Survivorship: Pediatric, Adolescent, and Young Adult Cancer Survivorship Act

Background

There are over 350,000 survivors of childhood cancer in the United States today. Two-thirds of these individuals are likely to experience at least one late effect of treatment, and almost one-fourth will face a late effect that is serious or life-threatening. Childhood cancer survivors may face a range of late effects of their disease and treatment, including second cancers, heart and lung damage, osteoporosis, financial pressures, psychosocial issues, employment and fertility problems.

A 2003 Institute of Medicine (IOM) report titled, “Childhood Cancer Survivorship: Improving Care and Quality of Life” (co-edited by the founder of the Children’s Cause. To order this document visit https://download.nap.edu/catalog.php?record_id=10767&utm_source=Network&utm_medium=Widgetv2&utm_content=v2&utm_campaign=Widget ) analyzes issues around care for this population and proposes a policy agenda that would improve health care delivery, strengthen investments in education and training, and expand research around late effects and health disparities. Legislation to improve the long-term outlook for survivors of childhood cancer has been introduced in Congress and is derived from the IOM report recommendations.

 

Legislation
Pediatric, Adolescent and Young Adult Cancer Survivorship Research and Quality of Life Act

On September 22, 2011, Senators Jack Reed (D-RI) and Kay Bailey Hutchison (R-TX) and Representatives Jackie Speier (D-CA) and Michael McCaul (R-TX) introduced the Pediatric, Adolescent and Young Adult Cancer Survivorship Research and Quality of Life Act (S.1613/H.R.3015). This legislation will:

  • Develop pilot programs to evaluate model systems of care and identify the most effective ways to provide follow-up care to childhood cancer survivors;
  • Enhance research to ensure that the late effects of new therapies can be followed effectively;
  • Create grants to establish comprehensive long-term survivorship clinics to improve access to follow-up care; and
  • Convene a workforce of educators, advocates and providers to develop models in relevant psychosocial services, establish curricula for continuing education, and strengthen the emphasis on psychosocial care for childhood cancer survivors.

CCCA Role

Children’s Cause for Cancer Advocacy (CCCA) worked closely with Members of Congress and Congressional staff to craft provisions and garner Congressional support for the introduction of the Pediatric, Adolescent and Young Adult Cancer Survivorship Research and Quality of Life Act. CCCA is committed to advancing this critical legislation to improve the care and quality of life for survivors of childhood cancer by meeting with Congressional staff, educating members of Congress, advocates, other childhood cancer groups and the public about the importance of this bill to the care and quality of life of survivors of childhood cancer.

On March 26, 2012, the Alliance for Childhood Cancer sent a letter to Members of Congress supporting the legislation. The letter included CCCA’s signature, as a member of the Alliance.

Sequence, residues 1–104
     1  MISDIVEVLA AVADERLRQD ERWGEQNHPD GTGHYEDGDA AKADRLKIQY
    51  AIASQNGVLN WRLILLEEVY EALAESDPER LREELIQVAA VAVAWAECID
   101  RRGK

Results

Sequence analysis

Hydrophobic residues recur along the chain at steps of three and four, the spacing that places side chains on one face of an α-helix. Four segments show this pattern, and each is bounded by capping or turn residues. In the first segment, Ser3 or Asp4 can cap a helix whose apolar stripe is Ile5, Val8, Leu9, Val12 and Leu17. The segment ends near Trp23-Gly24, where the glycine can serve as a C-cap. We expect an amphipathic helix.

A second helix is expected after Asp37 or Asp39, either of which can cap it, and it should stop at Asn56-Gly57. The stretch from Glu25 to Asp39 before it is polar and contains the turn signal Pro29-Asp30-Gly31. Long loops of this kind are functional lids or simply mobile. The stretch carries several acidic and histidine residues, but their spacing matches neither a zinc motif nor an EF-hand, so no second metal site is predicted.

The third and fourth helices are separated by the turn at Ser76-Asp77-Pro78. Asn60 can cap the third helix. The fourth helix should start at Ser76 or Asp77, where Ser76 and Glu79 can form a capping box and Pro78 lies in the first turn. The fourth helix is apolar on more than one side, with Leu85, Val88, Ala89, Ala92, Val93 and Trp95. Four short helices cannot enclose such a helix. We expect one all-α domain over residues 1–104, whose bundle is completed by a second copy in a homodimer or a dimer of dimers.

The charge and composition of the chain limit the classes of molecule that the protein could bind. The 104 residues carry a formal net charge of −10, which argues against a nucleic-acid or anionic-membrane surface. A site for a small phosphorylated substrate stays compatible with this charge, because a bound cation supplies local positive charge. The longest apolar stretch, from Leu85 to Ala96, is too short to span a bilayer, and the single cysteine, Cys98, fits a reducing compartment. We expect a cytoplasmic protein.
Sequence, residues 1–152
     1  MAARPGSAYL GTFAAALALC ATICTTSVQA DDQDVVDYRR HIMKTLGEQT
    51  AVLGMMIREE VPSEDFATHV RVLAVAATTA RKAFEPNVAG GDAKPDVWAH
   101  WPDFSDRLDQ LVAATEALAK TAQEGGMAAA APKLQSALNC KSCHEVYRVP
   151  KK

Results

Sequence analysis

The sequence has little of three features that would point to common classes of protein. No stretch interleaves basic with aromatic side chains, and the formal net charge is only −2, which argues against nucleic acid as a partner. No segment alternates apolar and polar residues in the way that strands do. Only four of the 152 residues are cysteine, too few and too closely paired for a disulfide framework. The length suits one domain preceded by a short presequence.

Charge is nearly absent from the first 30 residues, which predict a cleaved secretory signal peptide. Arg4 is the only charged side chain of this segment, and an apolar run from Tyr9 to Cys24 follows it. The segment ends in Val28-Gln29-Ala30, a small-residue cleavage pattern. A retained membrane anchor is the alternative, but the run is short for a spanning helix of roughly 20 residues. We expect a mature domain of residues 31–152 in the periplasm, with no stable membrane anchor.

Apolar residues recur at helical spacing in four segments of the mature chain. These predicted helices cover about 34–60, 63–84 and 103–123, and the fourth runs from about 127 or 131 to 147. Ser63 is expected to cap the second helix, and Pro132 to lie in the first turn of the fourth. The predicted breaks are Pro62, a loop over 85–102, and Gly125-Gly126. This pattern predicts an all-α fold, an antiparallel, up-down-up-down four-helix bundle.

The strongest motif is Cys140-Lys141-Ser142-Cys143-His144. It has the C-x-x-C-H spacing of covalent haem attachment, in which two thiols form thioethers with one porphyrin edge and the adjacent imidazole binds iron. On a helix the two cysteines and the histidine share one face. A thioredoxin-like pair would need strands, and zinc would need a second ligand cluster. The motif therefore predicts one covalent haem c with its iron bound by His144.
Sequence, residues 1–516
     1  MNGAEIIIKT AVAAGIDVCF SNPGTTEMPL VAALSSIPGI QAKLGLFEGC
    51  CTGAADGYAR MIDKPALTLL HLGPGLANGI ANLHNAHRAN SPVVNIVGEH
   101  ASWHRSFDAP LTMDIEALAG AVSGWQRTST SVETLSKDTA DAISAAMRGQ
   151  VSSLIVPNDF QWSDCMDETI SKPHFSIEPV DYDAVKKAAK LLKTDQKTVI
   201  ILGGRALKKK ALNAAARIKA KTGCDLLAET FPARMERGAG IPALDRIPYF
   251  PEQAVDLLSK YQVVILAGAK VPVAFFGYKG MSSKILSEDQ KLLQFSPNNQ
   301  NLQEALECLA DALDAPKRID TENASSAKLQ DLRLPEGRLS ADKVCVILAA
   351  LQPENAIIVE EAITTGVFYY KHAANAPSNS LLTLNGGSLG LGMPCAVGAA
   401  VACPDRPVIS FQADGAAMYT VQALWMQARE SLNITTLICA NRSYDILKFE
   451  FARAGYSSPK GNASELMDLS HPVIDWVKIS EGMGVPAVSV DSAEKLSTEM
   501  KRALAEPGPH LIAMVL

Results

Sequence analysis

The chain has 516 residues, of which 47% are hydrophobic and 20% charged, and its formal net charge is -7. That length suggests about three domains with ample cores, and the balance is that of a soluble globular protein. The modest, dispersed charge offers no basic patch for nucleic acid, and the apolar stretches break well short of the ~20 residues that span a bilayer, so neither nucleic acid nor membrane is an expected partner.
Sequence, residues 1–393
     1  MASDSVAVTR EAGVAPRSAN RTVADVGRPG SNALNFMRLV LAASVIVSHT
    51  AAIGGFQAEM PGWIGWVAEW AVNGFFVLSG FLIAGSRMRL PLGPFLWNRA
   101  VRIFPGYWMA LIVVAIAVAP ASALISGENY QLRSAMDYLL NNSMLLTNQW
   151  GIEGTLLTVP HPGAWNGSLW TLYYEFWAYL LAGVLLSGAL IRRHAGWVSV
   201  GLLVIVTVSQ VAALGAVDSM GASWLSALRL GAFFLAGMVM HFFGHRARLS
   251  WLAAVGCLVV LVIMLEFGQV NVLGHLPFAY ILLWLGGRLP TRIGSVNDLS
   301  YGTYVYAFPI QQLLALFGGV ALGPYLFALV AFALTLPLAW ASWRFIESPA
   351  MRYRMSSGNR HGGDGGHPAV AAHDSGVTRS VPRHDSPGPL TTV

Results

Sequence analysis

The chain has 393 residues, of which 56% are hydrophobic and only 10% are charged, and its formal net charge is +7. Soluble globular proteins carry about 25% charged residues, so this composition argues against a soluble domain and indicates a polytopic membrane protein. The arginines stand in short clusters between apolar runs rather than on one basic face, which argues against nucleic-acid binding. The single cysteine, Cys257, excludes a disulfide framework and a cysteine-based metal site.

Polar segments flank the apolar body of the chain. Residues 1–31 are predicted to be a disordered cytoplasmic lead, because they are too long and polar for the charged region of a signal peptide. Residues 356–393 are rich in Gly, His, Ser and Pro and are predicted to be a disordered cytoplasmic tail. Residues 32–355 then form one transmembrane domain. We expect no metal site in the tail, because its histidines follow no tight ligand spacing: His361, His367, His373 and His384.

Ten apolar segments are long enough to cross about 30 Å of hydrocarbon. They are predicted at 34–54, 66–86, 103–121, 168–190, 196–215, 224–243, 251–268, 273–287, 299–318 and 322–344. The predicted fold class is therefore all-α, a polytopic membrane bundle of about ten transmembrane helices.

Take Action to Ensure Funding for Childhood Cancer Data Collection and Reporting Activities

March 14, 2012

Jump to Action Alert

Dear Childhood Cancer Advocate:

On March 13, Senators Jack Reed (D-RI) and Johnny Isakson (R-GA) sent a letter to Senate Labor, Health and Human Services, and Education Appropriations Committee requesting funding for childhood cancer surveillance activities in the fiscal year (FY) 2013 appropriations bill. We are asking for your support in this effort – please contact your Senators and ask that they sign Senator Reed and Isakson’s letter.

The Reed-Isakson letter specifically asks that the committee provide funding to improve childhood cancer surveillance conducted by the Centers for Disease Control (CDC).  These efforts enable researchers to monitor trends and incidences of childhood cancer to better understand the disease, ensure appropriate treatment, and track long-term health outcomes.  These goals are consistent with the Caroline Pryce Walker Conquer Childhood Cancer Act, which was signed into law in 2008.

The Labor, Health and Human Services, and Educations Appropriations Committee has provided funding to the CDC for these activities in the past, which has helped states transform information technology infrastructure through the expansion of electronic reporting.  This activity has allowed researchers to rapidly report critical information to state cancer registries.  Capturing this data will expand our knowledge about childhood cancer patterns – including diagnoses, treatments, and survivorship – and ultimately enhance treatment for children with cancer.

Please take action today by contacting your Senators and urging them to sign Senator Reed and Isakson’s letter in support of funding for childhood cancer surveillance by filling out the form below.

Thank you for adding your voice to this very important cause.

Sincerely,
The CCCA Team

Last year’s NE Ohio CureSearch Walk